Political scientist Prof Irshad Ahmed said, “Peaceful coexistence between the communities has been the societal pride of Kashmir. Any effort to bring back the glory of Kashmir more so unitedly by the Muslims and Pandits is always welcome. Such efforts at some point in time would require huge political support across the spectrum.”
Secretary Kashmir Voice International (KVI) Javed Kakroo said, “Kashmiri diaspora is in support of intra-community engagement to build up a united approach towards bringing in peace in Kashmir. Kashmir calls for justice and revival of its age-old plurality, mutual trust and life of coexistence.KVI is in touch with various NGOs working towards many social issues and we should involve all the civil society NGOs and activists in promoting the KPSG initiatives.”
Eminent Oncologist Dr A Q Aashob said, “There is a perceptible yearning with the majority community to welcome native Kashmiri Pandits back home. Other NGOs with which I am associated are striving to build up a robust and plural societal cohesion.”
A social activist Javed Beigh said that terrorism in Kashmir had devastated the societal and demographic profile of the valley. “Consequently the social evils like casteism and other menaces had crept in. Double-speak of vested interests has made the youth lose faith in democracy and politics. Radicalisation and the drug menace besides terrorism, have emerged as threats. To help revive our plural ethos it becomes necessary to welcome back home the exiled Kashmiri Pandits. All religious leaders and youth leaders should urge and appeal to KPs to return and unitedly rebuild the healthy and prosperous Kashmir,” he said.
A youth representative Rahella stressed the need for frequent physical interactions between two communities, with particular focus on youth-to-youth and women-to-women meetings. “Joint sports and cultural events will also go a long way to bridge the artificial gulf between communities created by vested interests,” she said.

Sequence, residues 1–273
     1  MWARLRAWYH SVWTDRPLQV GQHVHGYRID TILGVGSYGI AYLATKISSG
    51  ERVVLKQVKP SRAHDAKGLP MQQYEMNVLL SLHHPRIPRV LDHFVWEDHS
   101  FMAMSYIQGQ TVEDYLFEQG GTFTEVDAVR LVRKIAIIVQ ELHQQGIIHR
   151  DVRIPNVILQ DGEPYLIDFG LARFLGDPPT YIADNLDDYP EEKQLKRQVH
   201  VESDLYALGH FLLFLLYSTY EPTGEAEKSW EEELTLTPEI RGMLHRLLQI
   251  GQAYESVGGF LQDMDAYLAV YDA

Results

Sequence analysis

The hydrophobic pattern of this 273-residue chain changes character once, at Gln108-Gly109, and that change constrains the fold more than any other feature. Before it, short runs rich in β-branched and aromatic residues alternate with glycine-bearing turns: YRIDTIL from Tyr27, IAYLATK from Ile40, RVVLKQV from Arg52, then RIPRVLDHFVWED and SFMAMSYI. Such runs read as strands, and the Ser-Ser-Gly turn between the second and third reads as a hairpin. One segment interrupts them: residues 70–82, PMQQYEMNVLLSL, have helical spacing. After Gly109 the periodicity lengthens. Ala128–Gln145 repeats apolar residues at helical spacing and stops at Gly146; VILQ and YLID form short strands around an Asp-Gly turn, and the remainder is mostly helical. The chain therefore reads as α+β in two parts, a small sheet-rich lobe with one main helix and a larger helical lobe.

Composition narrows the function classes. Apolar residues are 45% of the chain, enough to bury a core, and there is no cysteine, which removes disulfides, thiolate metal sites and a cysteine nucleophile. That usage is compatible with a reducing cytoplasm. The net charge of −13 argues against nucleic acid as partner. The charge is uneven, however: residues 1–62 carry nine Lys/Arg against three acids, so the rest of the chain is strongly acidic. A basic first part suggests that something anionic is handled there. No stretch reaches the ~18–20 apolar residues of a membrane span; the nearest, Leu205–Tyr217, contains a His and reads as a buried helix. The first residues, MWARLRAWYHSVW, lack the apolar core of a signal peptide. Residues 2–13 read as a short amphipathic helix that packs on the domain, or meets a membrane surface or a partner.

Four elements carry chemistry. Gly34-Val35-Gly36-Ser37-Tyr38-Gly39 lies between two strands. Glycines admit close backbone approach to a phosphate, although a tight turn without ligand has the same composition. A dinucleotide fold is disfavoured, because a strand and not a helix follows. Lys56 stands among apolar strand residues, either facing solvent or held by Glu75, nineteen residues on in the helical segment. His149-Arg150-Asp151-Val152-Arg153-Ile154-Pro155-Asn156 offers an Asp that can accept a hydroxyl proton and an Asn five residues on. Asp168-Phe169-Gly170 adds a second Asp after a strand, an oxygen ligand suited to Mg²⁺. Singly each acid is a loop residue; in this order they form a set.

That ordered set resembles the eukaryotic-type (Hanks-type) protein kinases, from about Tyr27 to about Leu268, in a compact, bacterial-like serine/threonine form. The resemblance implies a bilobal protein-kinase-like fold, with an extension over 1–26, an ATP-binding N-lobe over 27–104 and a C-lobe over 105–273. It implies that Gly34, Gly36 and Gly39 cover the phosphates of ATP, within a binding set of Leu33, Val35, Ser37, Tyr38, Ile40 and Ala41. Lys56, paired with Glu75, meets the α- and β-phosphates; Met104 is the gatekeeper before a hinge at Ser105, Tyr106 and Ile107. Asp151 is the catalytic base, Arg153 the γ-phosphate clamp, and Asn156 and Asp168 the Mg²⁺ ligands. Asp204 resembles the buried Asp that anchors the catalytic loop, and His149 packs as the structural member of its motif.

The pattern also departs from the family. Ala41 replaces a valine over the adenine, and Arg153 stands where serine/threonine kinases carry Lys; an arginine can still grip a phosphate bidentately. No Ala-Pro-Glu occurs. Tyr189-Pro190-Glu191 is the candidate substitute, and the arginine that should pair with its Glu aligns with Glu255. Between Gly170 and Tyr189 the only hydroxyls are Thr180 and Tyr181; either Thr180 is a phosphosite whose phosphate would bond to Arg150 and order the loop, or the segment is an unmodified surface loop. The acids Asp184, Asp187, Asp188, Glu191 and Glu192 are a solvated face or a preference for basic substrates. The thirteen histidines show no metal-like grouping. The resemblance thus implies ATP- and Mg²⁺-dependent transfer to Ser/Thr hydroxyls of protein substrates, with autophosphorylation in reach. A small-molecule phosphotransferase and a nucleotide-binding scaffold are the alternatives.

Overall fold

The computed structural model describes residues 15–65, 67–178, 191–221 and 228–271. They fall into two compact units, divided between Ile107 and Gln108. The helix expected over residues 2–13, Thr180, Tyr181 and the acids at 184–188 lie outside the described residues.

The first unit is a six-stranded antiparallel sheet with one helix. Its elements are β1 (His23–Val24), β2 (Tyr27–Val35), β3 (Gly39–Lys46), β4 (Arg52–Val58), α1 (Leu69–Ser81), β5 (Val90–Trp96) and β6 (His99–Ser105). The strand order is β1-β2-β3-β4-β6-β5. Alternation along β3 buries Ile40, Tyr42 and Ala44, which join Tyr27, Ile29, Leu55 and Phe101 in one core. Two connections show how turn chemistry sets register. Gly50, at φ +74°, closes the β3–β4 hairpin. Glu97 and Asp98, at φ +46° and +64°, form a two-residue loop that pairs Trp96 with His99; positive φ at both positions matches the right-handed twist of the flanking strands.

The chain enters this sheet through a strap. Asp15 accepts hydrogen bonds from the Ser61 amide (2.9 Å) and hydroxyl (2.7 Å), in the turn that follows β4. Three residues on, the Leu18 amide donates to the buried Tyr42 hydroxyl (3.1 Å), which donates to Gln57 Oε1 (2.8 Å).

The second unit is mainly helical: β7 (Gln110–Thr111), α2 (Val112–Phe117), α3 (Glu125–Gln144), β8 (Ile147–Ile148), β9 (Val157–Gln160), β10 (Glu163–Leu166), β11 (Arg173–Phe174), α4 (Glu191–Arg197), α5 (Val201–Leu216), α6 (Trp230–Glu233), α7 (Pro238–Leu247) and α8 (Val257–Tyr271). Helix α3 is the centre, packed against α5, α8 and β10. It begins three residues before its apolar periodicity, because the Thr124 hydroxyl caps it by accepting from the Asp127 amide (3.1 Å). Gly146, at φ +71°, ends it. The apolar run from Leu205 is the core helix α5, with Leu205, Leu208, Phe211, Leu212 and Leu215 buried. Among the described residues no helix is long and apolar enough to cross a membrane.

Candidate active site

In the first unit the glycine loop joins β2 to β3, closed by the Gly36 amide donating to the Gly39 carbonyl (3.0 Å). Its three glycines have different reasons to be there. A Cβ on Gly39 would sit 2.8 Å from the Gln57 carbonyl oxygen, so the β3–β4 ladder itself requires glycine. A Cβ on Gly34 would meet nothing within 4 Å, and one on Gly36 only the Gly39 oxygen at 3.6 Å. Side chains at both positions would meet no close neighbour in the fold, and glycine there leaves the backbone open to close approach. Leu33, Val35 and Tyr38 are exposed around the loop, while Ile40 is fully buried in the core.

Former judge B L Saraf said that the yearning of the civil society of Kashmir to welcome the exiled natives back home was visible on the ground and encouraging. “The people’s reconciliation committees or Commission is desirable for putting in writing the stories of victimhood and suffering. Kashmiris are living up to high humanitarian values by welcome accorded to yatris enroute the holy cave. The rich ethos of Kashmir and the humanitarian values are on display during the Shri Amarnathji Yatra. KPSG should record its appreciation towards Kashmiri Muslims for their warm welcome to Yatris, which they have been doing for ages,” he suggested.
Bhan in his concluding remarks averred that no alien narrative could guide over five thousand years old common heritage and ethos of Kashmir. He also stressed the need to enlighten the youth that the democracy and idea of India were new reality in Kashmir.
“So this is for the two communities sharing this common heritage and ethos to work together to take Kashmir out of the present morass and rebuild it for the future of our young generation with a major focus on the process of reconciliation,” he said.
Bhan agreed with the contention of a community stakeholder from London and said, “We need to involve diaspora for one doable thing to engage two communities uninterruptedly till we find a commonality of interest.”
He asserted that reconciliation would come through hybrid and personal interactions. “Thirty years gap is a huge gap but it is not so big that it cannot be bridged, this I believe as an eternal optimist. Youngsters, who have moved to other parts of the country, are our ambassadors and they will defeat other narratives and radicalisation. Educational institutions are the bulwarks against radicalisation. Despair, uncertaint and fear will evaporate when both the communities will work together,” Bhan added.
He supported the idea of a young participant Rahella who stressed the need for social interactions in varied forms between two communities as a first step towards bridging the gap.
Bhan also said that it was high time after the three decades of death and destruction suffered by all the Kashmiri communities, to look beyond the blame games and seriously discuss the ways and means for standing up unitedly against demons of doom and saving Kashmir by promoting the proud heritage of coexistence, societal cohesion and progressive narrative.
“We all have to strive for democracy for the enjoyment of the peaceful right to life. Peace is the sine qua non for democracy and the promotion of human rights. The strength of our civilisational ethos has defeated the evil forces that tried to thrust the alien socio-cultural narratives on the Kashmiri Society. Kashmir is the cradle of civilisation, innovation, science and technology for thousands of years, no terrorism and radicalism will ever succeed to obliterate that,” Bhan said.
“Elephant in the room that is Pakistan has lost its teeth, strength and weight and is out of the reckoning. The time is ripe for finding a pragmatic situation in Kashmir. Political patronage is imperative. What PAGD did recently following selective killings by supporting protesting KPs was appreciable. Political mainstream is important for intra-community dialogue, side by side. We have initiated an idea and ideas move the world,” Bhan said concluding the webinar.